Woman Questions Why Her 'Very Rich' Parents Don't Offer To Help Her Out — She Feels Bad But Wants The Support

The cost of raising a family has become beyond expensive. But is it the older generations' responsibility to help us out?

Grandparents with kids RODNAE Productions / Pexels

A woman wondered if she was being unreasonable for wanting financial support from her parents, and took to the internet to find out the answer. She put her situation on mumsnet, an British forum “by parents for parents.”

Hers is a conundrum many of us relate to although we wish we didn't. Of course, we want our parents to enjoy their hard-earned cash, but when you're struggling it's hard not to look to others for a bailout. Recognizing that her issue may be divisive, the woman qualified herself by saying, “I may be a terrible person and am willing to be told so if that is the case.”


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The woman wondered if she was wrong to want her 'very rich parents' to offer financial help.

She explained that her parents had a “fairly average income” growing up and that she had a “fairly normal upbringing– 3-bed semi, camping holidays, state schools.”

“Over time, my parents have become very rich,” the woman stated. “Partly luck, of course, but also a lot of hard work.”

It's clear that money has an effect on family relationships, be it a positive or negative impact, as this woman has certainly felt. She continued on to say that her parents are now in a much more stable financial position, “where they can go on multiple holidays a year.”


“They are fairly open about their finances and so I know that as well as claiming a final salary pension, my dad is also still bringing in around 100k a year in investments and consultancy work,” the woman said.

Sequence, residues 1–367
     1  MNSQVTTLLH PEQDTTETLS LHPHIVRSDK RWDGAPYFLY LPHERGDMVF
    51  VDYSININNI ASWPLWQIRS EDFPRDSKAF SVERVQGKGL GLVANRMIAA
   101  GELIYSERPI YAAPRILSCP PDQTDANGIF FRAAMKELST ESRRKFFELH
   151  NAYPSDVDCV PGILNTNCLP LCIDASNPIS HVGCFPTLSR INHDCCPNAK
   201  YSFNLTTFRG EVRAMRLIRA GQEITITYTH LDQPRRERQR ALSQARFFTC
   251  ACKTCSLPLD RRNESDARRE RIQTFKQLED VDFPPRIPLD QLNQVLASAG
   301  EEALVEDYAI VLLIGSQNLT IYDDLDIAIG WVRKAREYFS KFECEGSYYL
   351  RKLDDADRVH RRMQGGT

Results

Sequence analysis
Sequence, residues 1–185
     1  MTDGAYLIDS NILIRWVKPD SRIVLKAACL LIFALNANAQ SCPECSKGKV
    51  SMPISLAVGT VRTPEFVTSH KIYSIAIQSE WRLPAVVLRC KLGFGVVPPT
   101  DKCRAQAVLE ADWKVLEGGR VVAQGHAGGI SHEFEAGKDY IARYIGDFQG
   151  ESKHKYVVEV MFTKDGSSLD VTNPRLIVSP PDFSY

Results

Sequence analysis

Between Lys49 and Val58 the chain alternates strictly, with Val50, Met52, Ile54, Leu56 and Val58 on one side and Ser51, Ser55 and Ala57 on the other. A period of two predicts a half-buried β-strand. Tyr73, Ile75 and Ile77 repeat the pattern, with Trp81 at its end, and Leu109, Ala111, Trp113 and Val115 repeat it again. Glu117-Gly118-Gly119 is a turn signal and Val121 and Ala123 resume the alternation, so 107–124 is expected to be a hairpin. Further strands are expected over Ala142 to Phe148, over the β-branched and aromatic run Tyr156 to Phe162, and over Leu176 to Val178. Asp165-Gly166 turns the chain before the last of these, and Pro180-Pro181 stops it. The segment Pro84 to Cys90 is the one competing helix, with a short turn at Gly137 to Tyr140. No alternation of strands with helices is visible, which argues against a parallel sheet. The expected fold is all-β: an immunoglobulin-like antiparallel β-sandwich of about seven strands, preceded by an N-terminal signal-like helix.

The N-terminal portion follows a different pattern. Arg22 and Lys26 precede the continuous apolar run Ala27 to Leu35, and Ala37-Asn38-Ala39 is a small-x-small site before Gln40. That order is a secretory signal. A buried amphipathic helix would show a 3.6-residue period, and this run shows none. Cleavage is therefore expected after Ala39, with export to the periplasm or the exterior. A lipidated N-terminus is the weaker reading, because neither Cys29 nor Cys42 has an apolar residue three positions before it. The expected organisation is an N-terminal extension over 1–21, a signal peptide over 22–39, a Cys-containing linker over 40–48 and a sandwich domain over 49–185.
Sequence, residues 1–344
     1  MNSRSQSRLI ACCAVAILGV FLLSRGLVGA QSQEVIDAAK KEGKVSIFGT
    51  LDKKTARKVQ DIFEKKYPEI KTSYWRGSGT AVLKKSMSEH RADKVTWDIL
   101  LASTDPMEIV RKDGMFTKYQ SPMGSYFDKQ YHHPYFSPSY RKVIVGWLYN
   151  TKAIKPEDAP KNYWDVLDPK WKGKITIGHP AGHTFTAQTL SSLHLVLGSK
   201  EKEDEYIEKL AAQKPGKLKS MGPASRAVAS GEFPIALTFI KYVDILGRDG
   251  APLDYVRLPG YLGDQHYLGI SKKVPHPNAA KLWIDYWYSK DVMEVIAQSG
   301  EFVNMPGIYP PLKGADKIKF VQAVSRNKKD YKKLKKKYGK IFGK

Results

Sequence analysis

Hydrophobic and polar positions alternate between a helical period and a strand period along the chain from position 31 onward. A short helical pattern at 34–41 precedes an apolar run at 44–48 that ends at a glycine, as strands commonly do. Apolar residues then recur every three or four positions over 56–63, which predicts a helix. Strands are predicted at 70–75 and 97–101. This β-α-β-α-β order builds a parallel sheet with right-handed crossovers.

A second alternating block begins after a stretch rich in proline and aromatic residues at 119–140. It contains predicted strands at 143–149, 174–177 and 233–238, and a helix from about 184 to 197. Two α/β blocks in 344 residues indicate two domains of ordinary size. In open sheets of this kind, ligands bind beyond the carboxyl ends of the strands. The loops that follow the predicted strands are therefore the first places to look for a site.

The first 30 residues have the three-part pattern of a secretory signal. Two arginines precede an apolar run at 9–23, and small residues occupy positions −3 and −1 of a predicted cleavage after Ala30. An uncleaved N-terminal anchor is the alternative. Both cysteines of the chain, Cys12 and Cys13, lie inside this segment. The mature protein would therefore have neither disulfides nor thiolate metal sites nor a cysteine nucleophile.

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She asked the parenting thread if she was being ‘horribly unreasonable, materialistic and grasping’ for expecting her parents to help her financially.

She qualified her own financial situation, one she described as “fairly hand to mouth.” 

It’s no wonder this mom feels a certain amount of financial strain. The cost of raising a child from birth to age 17 will set you back by about $310,000 in the US, according to a 2022 analysis from the Brookings Institution which analyzed the Department of Agriculture's 2015 estimate for the cost of raising a child and ran the numbers to account for inflation since then.


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In this woman's eyes, she and her partner are “fairly typical of our generation in that we both work full time in order to pay our mortgage.”

“Neither of us particularly [enjoys] our jobs but we can’t career change or reduce hours as we need the money,” she said. “We haven’t been on holiday overseas since 2015.” 


“We are doing fine and not on the breadline, but things are tight,” she explained, then approached the root of her concerns, wondering if she was unreasonable for wanting her parents to help them out. “I look at some of my peers who have had significant parental help towards buying a house or free childcare, and I just find it a bit odd that they haven’t thought to do the same.”

The woman stated that “they have no obligation whatsoever to provide anything now that I’ve left home but I just find it kind of hurtful.”

“I honestly can’t imagine being like this with my own children and plan to help them out as much as I can,” she finished her post.

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While some people on the thread believed that her parents didn’t owe her any help, most of those who commented said that they do or would help their children out financially, if and when they are able to do so.

Others had empathy for the woman posting, responding, “you're not entitled to help, but I understand your thoughts and feelings completely.”

One person stated that “money is always better shared around,” and explained that they help their adult children out, as they enjoy seeing their children getting things “now when we’re alive and can take pleasure in their happiness.”

“Maybe they don't realize how hard up you are, or feel they survived at your stage, or have forgotten about it,” said another person. “Some older generations don't really understand how tight things are for many people now.”


“There's no harm in being honest with them and [asking] for financial support,” the same person commented.

The woman's current reality is such that her life supporting her own family is expensive, and maybe asking her parents for support is the action she needs to take.

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Alexandra Blogier is a writer on YourTango's news and entertainment team. She covers celebrity gossip, pop culture analysis and all things to do with the entertainment industry.